During the round table
During the roundtable © The author

The same applied to CPAS, the public institution that delivers social aid in Seraing and that organised the selection of the trainees for the green areas management trainings and their employment during the APTBC implementation. Florian Bodart recalled that the whole selection was a huge success in terms of participation and that all the former trainees are today employed, even if a small number in the same sector. Above all, the project contributed to producing positive changes in the working methods at the CPAS, in terms of improving user support and modifying hiring conditions that were previously extremely binding.

Natagora’s ambition for the future of green areas in Seraing is that the green network that has been built or developed so far can be maintained and enhanced in order to create a consistent ecological grid, through an ad hoc municipal plan.

Natagora's corner during the festival
Natagora's corner during the festival © Facebook La Maison du Peuple


The social assessment was a very relevant outcome of the APTBC project in terms of cooperation among institutional actors, project partners and local stakeholders. Establishing the assessment of existing needs and services required a tight and challenging collaboration between entities that were not used to working together or had never met before. As both the director of the day-shelter (the old and the new one) and a representative of the CPAS acknowledged, working together on the initiative of the APTBC project and the project’s partners at Arebs produced multiple significant results.

With respect to the day-shelter, as it was explained in a previous article, the collaboration allowed, on one hand, to value the knowledge of the educators working at the day-shelter for the design of the spaces of the future building. On the other hand, it provided an external perspective with an overall vision. The results have been even more evident with regard to the social mapping of existing services and the creation of a brand-new partnership for the development of the Médibus, the health project that required a great collaborative effort and put together the CPAS, the day-shelter team and the APTBC team.

A workshop during the festival
A workshop during the festival @ Facebook La Maison du Peuple

One of the main outcomes of the APTBC project is that it has given impetus to the creation of a complex apparatus at the CPAS, to include in one unique system various complementary services working in synergy. These services existed before, but the co-construction approach of the UIA project laid the groundwork for their assembly into a single social intervention device.

A round-table was organised to discuss the possible impacts of urban innovative actions with regard to citizens engagement, by comparing different projects with the APTBC project. To this purpose, two external experts were invited: Boucif Khalfoun, head of the Participation and Citizen Involvement Service for the Metropolis of Lyon (France) and Elena Carmagnani, architect and vice-president of the community hub of Beeozanam in Turin (Italy).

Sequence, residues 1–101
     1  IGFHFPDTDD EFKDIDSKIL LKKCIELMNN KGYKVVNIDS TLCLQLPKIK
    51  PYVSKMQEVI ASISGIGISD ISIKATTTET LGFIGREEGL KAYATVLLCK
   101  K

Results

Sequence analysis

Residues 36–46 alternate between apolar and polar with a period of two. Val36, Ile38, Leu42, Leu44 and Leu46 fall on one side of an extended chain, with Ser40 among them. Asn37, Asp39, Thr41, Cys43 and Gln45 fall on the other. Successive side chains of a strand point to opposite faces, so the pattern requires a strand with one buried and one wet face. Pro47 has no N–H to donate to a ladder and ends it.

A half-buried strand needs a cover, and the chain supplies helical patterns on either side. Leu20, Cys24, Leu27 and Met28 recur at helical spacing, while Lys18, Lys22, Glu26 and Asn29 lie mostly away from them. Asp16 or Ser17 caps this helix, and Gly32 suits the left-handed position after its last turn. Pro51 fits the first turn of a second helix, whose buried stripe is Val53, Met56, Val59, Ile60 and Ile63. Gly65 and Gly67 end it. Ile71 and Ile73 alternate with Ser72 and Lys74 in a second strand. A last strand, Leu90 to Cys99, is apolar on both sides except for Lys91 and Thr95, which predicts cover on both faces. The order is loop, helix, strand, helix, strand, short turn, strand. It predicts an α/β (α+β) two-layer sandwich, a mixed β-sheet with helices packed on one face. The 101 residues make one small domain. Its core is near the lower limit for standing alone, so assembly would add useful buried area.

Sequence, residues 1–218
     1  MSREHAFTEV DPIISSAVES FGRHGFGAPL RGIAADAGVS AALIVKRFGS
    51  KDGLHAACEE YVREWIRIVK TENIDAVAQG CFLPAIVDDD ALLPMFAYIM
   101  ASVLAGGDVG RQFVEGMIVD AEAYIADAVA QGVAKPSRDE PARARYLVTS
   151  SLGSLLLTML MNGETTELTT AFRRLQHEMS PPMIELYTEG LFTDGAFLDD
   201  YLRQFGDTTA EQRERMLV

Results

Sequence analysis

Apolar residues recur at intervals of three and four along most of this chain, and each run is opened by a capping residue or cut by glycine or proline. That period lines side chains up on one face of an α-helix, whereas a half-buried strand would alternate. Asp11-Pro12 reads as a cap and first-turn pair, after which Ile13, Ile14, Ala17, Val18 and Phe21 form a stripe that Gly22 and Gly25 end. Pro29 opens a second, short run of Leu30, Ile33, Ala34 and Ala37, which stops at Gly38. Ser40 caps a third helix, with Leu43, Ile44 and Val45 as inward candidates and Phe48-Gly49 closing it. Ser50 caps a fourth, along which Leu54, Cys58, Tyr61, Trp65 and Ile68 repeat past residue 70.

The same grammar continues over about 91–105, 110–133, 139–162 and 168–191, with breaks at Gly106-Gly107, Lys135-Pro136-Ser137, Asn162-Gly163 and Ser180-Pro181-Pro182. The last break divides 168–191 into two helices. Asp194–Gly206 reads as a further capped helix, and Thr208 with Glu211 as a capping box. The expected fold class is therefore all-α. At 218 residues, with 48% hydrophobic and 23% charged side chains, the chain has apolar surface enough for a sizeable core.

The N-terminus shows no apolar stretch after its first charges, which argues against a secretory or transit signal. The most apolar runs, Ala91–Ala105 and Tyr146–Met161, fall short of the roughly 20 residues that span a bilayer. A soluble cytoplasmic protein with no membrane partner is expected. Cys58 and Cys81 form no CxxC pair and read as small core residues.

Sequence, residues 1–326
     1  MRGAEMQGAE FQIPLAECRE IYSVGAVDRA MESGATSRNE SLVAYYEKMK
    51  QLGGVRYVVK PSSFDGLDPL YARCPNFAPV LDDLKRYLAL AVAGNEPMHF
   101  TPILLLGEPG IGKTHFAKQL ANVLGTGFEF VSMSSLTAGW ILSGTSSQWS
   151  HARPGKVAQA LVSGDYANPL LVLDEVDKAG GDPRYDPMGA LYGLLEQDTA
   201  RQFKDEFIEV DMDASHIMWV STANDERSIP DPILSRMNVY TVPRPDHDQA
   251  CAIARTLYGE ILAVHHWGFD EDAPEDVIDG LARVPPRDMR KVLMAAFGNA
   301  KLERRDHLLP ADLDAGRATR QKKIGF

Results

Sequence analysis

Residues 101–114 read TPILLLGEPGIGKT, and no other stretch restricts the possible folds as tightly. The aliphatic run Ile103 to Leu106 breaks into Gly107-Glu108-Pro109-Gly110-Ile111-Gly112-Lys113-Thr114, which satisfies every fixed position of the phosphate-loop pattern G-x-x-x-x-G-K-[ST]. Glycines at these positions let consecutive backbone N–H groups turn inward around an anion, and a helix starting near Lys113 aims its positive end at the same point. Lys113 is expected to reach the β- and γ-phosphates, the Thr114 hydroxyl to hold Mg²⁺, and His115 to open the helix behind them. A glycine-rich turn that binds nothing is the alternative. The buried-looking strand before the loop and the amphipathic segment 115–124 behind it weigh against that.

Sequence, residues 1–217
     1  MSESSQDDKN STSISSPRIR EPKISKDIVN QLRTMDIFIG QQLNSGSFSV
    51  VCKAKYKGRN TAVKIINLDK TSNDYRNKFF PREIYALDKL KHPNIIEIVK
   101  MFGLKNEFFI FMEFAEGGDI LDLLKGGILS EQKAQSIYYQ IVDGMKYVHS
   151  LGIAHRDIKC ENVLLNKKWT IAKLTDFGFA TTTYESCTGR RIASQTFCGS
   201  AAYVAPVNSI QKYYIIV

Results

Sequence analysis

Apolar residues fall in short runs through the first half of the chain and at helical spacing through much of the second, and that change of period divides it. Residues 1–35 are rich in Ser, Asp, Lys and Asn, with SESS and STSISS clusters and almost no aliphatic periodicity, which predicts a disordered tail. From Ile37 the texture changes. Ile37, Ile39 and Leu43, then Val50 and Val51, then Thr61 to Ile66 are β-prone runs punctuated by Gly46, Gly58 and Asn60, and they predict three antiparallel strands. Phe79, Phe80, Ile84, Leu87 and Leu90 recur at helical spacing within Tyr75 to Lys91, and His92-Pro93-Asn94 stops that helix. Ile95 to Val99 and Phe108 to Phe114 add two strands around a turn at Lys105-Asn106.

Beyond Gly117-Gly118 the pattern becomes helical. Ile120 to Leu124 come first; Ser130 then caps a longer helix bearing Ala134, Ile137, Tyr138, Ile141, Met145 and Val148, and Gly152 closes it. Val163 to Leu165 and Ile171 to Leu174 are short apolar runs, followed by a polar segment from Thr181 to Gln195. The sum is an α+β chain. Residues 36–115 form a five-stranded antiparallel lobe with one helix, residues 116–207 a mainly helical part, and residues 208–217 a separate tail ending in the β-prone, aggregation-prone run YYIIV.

Boucif Khalfoun presented two projects and he resumed this way the main recommendations that, in his experience, are relevant when implementing a participatory urban project:

  • A socio-urban analysis needs to be put in place before the implementation, for each initiative;
  • The methodological approach should always be experimental;
  • The local authority needs to show up in public space and meet citizens informally;
  • Be ready to test solutions on the ground and fail;
  • Be flexible and adjust to space and time that are suitable for citizens, not for local officers;
  • Encourage citizens’ informal exchange in public space.


Elena Carmagnani described how the collective dynamics were generated over time to renovate an abandoned building in Turin, to make a space for the local community but with the need to rehabilitate first its imagine, which had been negative for a long time. She stressed the importance of establishing a solid governance among partners, including institutional ones, even by starting from scratch.

Finally, Aura Hernandez developed her reasoning around the idea of trust, as the key condition to be met for the effective engagement of citizens. For a lasting trust to be built, there are at least four elements that need to be taken care of, according to her:

  • Each transformation needs time to happen and this time is necessary for the project;
  • Acknowledge each participant’s role in the process;
  • Build a partnership;
  • Acknowledge citizens’ needs and claims.


The discussion among the three speakers raised also other interesting issues. For example, everyone acknowledged the difficulty for the public authority to share power and the necessity of framing initiatives within a clear system of rules, where participants feel empowered to express themselves and be heard.

During the festival some participants from the neighbourhood
During the festival, some participants from the neighbourhood © The author


As UIA expert I took part to the APTBC festival, by organising the round-table on citizens participation, by visiting the almost completed day-shelter and the newly inaugurated creative hub La Maison du Peuple, by visiting the green areas networks in the central neighbourhoods.

What I have seen and perceived was satisfaction, pride and great expectations for how the results of the APTBC project - many of which have already been integrated in the transformation of practices - will produce long-lasting impacts. The strongest impression that I carried with me is that if the UIA project is over in terms of funding, however its roots are strong enough to keep producing new fruits.

About this resource

Francesca Ansaloni UIA Expert
Seraing, Belgium Small sized cities (50k > 250k)
About UIA
Urban Innovative Actions

The Urban Innovative Actions (UIA) is a European Union initiative that provided funding to urban areas across Europe to test new and unproven solutions to urban challenges. The initiative had a total ERDF budget of €372 million for 2014-2020.